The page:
Tag Archives: Self-Help

Depression #4,873 Sucks: A Way Forward?

It’s been a rough week. I think I could fare better with depression if I know when it’ll hit me. It’s always a surprise: one minute I’m fine and then the universe and the people in it do something that starts the ball rolling. A trigger for it. I think I deeply care for people and if that isn’t returned I spiral downward. Maybe it’s safest to not care? That’s a certain way to death, but a walking death where your body is alive but your soul is dead. The only way to live, and to truly live, is to love. Even if that love hurts you, I don’t see any other way forward in life. What’s the other option? To wall yourself off and live without feeling for the rest of your life?

I think I’ve weathered the worst of it and I’m in that strange post-depressive state that I can mostly explain as “exhausted.” I’m like 5% happy, 25% depressed, and 70% exhausted. It’s the realization that you’ve made it through the worst of it but where you don’t want to let your guard down. The next wave could happen at any moment. The next trigger could bring you down. Constantly on edge and terrified of the future. Yet the minutes keep ticking pulling you toward whatever inevitable and terrible/wonderful fate awaits. I’m not ready though. Not yet. Let me relax and type this post in peace.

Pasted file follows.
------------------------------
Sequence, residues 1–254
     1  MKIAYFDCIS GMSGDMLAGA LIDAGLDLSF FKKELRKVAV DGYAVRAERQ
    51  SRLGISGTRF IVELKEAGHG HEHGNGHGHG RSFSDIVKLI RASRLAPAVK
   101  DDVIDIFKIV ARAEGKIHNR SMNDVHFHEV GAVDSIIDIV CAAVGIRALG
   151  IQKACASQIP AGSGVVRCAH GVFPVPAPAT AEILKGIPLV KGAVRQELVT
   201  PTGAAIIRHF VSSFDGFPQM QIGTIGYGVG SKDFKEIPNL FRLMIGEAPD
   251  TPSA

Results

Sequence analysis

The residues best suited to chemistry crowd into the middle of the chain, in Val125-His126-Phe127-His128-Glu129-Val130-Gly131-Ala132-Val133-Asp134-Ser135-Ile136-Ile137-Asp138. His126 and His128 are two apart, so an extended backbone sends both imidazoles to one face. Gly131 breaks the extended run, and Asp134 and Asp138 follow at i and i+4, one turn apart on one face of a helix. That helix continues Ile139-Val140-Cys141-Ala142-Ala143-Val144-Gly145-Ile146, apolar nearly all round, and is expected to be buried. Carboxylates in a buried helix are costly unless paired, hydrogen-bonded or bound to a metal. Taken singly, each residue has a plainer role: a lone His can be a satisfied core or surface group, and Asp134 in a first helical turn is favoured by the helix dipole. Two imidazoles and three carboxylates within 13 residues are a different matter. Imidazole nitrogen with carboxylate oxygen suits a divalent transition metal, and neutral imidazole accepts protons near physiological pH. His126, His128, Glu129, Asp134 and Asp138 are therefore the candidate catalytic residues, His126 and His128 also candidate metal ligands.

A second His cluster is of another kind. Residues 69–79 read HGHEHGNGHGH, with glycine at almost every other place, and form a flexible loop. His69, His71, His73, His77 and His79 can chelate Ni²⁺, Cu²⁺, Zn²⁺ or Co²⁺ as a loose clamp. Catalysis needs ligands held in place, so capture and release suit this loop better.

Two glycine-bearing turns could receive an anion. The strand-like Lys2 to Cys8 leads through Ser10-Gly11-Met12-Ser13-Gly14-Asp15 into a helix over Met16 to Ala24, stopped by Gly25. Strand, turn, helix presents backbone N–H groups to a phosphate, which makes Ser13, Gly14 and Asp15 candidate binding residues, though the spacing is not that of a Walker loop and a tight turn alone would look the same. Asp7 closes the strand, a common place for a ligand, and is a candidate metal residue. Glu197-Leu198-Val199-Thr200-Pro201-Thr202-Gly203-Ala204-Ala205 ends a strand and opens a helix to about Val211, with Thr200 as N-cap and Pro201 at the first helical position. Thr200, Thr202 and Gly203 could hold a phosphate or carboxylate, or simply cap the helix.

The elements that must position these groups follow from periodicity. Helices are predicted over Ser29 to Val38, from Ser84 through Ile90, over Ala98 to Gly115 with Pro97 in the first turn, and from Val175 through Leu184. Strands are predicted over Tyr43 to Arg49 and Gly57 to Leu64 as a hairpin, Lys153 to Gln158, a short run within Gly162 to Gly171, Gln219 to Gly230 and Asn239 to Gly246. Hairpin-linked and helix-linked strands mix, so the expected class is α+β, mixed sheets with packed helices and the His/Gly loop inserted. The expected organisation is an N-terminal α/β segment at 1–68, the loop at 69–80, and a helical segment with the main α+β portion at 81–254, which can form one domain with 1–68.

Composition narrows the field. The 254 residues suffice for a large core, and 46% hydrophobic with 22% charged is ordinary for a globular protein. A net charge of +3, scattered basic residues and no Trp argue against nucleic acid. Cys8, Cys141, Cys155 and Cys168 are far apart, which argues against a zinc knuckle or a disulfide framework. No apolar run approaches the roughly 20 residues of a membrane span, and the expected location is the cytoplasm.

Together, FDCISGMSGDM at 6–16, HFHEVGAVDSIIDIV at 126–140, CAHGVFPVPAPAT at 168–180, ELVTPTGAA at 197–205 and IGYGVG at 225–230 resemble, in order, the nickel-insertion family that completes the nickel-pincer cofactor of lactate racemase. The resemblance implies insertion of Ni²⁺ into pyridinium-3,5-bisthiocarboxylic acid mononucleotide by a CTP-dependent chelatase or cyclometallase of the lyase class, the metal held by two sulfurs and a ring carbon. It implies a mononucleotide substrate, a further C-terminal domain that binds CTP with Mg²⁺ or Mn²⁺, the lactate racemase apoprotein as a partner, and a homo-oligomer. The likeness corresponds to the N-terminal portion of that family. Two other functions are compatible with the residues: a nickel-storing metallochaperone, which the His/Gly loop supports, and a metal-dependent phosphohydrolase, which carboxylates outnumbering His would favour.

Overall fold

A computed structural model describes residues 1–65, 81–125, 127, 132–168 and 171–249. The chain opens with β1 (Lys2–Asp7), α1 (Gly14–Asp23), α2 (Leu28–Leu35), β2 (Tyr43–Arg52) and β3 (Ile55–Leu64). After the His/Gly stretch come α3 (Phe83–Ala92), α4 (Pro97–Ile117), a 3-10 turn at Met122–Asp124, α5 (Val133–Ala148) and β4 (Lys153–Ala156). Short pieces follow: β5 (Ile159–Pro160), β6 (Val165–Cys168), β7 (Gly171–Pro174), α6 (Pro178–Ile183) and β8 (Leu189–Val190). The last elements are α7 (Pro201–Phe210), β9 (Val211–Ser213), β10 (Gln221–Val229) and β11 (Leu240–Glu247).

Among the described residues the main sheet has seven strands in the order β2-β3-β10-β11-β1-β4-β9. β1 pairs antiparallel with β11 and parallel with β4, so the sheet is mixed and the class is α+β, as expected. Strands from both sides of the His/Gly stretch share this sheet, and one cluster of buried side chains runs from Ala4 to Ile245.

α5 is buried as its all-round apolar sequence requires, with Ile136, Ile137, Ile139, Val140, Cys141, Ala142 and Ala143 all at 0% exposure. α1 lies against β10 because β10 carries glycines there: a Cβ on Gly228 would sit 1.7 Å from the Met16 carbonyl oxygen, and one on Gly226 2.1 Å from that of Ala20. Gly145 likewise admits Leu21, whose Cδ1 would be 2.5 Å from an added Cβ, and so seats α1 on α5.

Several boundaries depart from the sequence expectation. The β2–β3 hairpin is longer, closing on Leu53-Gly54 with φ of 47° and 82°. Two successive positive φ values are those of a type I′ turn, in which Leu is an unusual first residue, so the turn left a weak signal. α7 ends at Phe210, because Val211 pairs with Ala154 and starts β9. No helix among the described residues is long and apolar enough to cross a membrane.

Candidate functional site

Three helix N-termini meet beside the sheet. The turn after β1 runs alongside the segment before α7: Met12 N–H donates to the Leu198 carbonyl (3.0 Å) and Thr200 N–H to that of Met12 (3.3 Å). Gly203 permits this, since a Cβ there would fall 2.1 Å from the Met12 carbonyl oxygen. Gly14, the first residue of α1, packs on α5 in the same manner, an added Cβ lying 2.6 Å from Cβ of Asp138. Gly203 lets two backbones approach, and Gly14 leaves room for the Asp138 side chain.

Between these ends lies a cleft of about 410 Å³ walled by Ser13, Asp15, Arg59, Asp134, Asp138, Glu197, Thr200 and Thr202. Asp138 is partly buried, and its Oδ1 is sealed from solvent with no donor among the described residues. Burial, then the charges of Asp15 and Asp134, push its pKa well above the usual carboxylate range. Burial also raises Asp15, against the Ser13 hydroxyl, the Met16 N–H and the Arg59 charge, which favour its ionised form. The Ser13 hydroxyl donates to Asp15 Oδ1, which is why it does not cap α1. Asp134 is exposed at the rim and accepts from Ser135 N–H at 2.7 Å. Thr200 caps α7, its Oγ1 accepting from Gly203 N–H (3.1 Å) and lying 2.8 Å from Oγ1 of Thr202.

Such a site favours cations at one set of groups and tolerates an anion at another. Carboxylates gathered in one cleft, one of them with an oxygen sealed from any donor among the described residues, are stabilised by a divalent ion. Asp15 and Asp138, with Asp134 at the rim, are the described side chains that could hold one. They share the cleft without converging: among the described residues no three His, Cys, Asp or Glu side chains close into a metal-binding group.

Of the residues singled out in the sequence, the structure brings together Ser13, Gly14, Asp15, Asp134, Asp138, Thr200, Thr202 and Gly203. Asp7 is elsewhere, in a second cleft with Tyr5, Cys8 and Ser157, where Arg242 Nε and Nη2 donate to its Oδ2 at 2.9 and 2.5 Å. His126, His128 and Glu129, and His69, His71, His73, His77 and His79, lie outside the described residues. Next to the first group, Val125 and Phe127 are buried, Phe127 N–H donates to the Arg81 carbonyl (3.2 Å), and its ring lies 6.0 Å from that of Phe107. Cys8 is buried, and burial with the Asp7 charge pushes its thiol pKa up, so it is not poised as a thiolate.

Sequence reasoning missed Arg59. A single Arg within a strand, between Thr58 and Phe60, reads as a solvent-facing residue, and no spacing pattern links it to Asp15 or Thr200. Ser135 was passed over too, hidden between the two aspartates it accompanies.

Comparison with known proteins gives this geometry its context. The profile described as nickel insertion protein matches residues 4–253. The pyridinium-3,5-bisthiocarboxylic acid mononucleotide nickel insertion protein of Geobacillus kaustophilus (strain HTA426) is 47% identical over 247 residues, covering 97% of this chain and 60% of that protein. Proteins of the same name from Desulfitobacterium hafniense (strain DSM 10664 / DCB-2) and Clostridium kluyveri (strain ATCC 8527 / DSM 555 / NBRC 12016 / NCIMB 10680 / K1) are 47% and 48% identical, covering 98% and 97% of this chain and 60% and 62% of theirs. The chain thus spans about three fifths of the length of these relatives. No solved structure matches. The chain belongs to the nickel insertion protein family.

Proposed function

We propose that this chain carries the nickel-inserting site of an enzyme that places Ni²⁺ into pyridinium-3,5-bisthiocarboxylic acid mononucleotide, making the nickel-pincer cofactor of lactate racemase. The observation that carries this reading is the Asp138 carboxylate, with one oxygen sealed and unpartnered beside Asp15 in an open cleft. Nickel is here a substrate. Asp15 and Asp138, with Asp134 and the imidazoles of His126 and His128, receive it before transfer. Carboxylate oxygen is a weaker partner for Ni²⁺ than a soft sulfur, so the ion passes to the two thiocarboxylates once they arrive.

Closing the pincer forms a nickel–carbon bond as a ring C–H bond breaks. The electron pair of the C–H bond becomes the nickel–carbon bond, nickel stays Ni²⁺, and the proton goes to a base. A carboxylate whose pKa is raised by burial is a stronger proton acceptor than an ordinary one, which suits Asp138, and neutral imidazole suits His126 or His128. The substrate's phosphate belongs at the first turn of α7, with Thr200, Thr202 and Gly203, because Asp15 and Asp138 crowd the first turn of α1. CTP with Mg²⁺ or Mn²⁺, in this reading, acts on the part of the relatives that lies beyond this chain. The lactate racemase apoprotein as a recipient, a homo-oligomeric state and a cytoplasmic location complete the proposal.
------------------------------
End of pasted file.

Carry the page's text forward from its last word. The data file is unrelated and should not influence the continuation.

I totally broke down at work yesterday. I was able to drag myself throughout the entire shift but really wanted to talk to someone. Usually I try not to bother people (in a self-loathing state where you think no one cares about you it’s hard to be proactive and contact someone) but it was becoming so damn bad I just wanted to open up. I had to open up. I’d lose my fucking mind if I didn’t talk to someone. Luckily I was able to talk to a good and much-loved friend of mine. He’s a supervisor which makes it even more special because of the responsibilities he had to shirk to tend to me and my problems. The guy has a ton of things to do at work, meetings to attend, yet he found time to talk to me in a dire time of need. I’m forever grateful to him.

We sat in his car and talked for an hour and a half. I nearly cried a bunch of times. He said a ton of stuff, and vented to me about his own problems, while I rambled and blabbed not knowing what I should open up about or what I should “play cool” about; everything came out though. I didn’t care. Even topics I was very hesitant, shy, and ashamed to talk about came out. He knows me better than any other person in the world knows me.